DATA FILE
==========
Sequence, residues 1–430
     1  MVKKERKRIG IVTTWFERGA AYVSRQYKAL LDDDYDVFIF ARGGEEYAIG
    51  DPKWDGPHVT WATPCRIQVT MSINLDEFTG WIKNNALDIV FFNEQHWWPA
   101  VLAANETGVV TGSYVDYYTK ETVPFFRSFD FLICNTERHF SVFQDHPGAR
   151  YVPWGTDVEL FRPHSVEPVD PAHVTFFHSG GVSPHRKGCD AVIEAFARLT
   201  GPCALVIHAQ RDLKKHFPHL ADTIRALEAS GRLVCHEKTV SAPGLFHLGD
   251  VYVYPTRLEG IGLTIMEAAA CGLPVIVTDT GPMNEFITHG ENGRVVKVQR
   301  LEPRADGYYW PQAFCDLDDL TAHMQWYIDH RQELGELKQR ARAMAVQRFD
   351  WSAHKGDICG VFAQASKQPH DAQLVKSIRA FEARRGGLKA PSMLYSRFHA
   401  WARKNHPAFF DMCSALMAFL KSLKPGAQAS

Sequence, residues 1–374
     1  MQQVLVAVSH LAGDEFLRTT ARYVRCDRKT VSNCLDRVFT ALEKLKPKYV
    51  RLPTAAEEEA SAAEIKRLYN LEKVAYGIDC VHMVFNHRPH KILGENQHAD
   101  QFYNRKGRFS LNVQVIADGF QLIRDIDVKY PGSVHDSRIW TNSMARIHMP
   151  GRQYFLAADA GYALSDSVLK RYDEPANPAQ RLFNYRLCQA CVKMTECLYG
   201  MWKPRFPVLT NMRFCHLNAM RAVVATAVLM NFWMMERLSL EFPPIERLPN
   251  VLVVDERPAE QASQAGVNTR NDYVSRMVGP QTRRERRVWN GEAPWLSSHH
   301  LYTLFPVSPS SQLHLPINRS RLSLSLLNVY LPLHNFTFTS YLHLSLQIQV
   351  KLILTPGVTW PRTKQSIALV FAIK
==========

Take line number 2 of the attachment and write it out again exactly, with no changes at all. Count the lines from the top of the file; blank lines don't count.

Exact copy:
     1  MVKKERKRIG IVTTWFERGA AYVSRQYKAL LDDDYDVFIF ARGGEEYAIG